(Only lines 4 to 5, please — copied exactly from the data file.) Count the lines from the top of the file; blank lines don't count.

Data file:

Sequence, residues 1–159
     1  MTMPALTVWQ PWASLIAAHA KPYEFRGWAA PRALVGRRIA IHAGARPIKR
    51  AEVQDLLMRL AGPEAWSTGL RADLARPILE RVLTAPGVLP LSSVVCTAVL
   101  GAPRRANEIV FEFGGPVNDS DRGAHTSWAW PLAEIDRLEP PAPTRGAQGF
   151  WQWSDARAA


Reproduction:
   101  GAPRRANEIV FEFGGPVNDS DRGAHTSWAW PLAEIDRLEP PAPTRGAQGF
   151  WQWSDARAA